So there I was in the middle of the river, after dark, with a tiny flashlight strapped to my head that kept falling off. My legs were going numb from all of the jellyfish and I had already dropped my pole in the water once. I had a box of uncooperative sandworms and a floating jig head tied to a three-way rig with a two-ounce weight. I was living the good life.
It was slack tide; probably the best time to fish the river since lazy fish will not fight a 15-knot current. But it is not the best time to make ground in a float tube. So I threw out my line and started kicking down river. I worried about spooking the fish, so I kicked lightly. I started to feel really stupid at that point. Unfortunately that has never stopped me before, so I kept going.
After about an hour of perpetual exposure to jellyfish stings, I started going into toxic shock. My lips had gone numb, my hands were tingling, and my legs; let us just say that the jellyfish had started swimming up my shorts as I kicked. I was so engrossed in my own thoughts (how much the float tube had cost, how little I was getting paid to do this, how I would afford to eat this week since I had bought a float tube) that I never noticed the current picking up momentum.
Determined to get this first story, I ignored the fact that I had drifted for over an hour, without a bite.
At some point I decided enough was enough. I gave up and started kicking back up the river. It was like running on a treadmill. That is, if your treadmill was surrounded with jellyfish and you could not get off. I kicked as hard as I could for ten minutes and gained about a yard. The stupid feeling was back. I may have screamed.
It is private property up and down the banks of the river. There was no way to get out and walk. If I would have known the Sports Authority liberal return policy I might have popped the tube and just swam. Two hours later I had almost made it back to where I left my car. That is when I saw the police boat cruising with the spotlight, probably looking for some idiot in the river. If they had been there an hour earlier, I would have screamed for help. But at that point, I was too close to my car to just turn myself in and get fined, so I hid behind a dock until they left. I would have kissed the ground when I got on shore, but it was covered in goose droppings.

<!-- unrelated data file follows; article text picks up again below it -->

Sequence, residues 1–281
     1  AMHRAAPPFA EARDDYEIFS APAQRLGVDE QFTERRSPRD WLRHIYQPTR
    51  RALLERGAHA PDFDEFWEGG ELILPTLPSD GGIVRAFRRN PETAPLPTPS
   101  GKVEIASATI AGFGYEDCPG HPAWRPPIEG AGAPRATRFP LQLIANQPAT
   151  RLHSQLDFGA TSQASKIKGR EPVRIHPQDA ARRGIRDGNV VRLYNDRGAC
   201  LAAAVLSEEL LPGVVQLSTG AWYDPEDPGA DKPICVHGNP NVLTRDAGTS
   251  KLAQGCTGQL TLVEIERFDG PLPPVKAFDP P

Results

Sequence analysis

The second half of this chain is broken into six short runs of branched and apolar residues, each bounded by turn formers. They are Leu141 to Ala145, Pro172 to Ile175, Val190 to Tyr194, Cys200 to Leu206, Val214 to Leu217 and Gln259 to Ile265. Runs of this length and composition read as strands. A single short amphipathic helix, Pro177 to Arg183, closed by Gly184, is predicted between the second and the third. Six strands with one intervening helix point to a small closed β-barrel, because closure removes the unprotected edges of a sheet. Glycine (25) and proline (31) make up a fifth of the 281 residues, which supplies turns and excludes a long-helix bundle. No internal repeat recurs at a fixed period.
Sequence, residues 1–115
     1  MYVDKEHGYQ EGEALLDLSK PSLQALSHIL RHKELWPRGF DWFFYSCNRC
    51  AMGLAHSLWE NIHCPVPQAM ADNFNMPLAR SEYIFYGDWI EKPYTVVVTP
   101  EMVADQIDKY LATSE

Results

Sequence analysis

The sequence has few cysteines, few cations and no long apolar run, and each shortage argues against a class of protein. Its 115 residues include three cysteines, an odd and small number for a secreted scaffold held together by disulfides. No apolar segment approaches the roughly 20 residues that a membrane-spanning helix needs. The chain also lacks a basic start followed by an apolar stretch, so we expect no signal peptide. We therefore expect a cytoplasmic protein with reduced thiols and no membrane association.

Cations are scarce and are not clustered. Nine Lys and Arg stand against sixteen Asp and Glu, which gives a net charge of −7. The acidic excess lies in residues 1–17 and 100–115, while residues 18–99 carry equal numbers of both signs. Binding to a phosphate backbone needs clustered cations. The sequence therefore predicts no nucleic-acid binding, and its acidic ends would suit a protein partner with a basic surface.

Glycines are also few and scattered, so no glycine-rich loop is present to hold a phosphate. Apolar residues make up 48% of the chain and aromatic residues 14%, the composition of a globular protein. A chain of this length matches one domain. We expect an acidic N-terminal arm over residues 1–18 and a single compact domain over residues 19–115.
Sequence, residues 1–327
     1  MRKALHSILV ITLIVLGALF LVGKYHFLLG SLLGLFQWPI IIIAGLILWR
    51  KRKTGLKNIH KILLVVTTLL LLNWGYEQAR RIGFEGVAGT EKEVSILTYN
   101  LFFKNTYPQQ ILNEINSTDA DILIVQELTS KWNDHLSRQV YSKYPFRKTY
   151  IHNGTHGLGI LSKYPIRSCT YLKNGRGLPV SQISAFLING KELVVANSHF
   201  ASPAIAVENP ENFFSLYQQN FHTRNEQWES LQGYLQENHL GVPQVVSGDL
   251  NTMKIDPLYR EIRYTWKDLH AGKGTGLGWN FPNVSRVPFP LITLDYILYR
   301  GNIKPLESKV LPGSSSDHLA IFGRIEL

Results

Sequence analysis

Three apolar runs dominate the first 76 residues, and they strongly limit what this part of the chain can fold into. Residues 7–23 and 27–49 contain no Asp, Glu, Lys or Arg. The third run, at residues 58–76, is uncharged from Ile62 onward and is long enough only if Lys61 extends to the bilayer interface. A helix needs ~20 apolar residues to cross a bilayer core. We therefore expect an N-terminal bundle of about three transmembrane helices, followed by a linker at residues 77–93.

This is not an ad for Sports Authority, but they took the float tube back because I was an idiot and I was grateful. So grateful in fact that I bought a kayak with my store credit to continue my pursuit of weakfish. But that is another sad story for another time.
When you ask fishermen around the Raritan Bay about weakfish, they say "what weakfish?" No one needs to tell them that the fall run never came this year. With weakfish staying away from the traditional spots, such as Flynn's Knoll, Chapel Hill Channel, and…Read More
When you ask fishermen around the Raritan Bay about weakfish, they say "what weakfish?" No one needs to tell them that the fall run never came this year. With weakfish staying away from the traditional spots, such as Flynn's Knoll, Chapel Hill Channel, and the Navy Pier, anglers will need to turn to the rivers to chase this species.
Most weaks reach maturity at two years and spawn in backwaters and estuaries along the coast from May to October. They will migrate north in the spring, and then move southward again in the fall. Therefore, the weakfish population in New Jersey in any given year can depend on how hard the fish were hit to the south, in the Delaware and Chesapeake Bay areas.
According to Jim Uphoff, fisheries biologist for the state of MD, the catches in the Chesapeake this year have not been matching the stock assessments. "With rising fish stocks, catches will usually rise," says Uphoff. "Either people have stopped focusing on weakfish (which is unlikely) or some ecological phenomenon is effecting the catch rate."
Tom McCloy, Marine Fisheries Administrator for the NJ Department of Fish and Game says that it has been an atypical year for recreational weakfish. According to McCloy, catch rates are down coast wide. He attributes the spottiness of this year's run to variances in water temperature, an excess of freshwater in some areas, and other factors. "The traditional summer fishery was late this year in the Delaware Bay," says McCloy. "We would hope to start seeing them this fall when they head south again."
There are opportunities in the area for fishermen willing to take to the backwaters of the Shrewsbury and the Navesink Rivers this fall. Often times, access is limited to shore fishermen when it comes to rivers. A lot of the properties around the waterways are private, bridges can be difficult to fish from, and public accesses can be far from productive structure.
Unlike the stripers and juvenile blues that are cruising the backwaters this time of year, weakfish are easily spooked by boat traffic. It is best to get after these fish in the early mornings and evenings. If possible, anglers should try for these skittish fish during the week. While large boats can navigate the channels in the backwater, alternative fishing methods can be employed for a subtle approach and more success.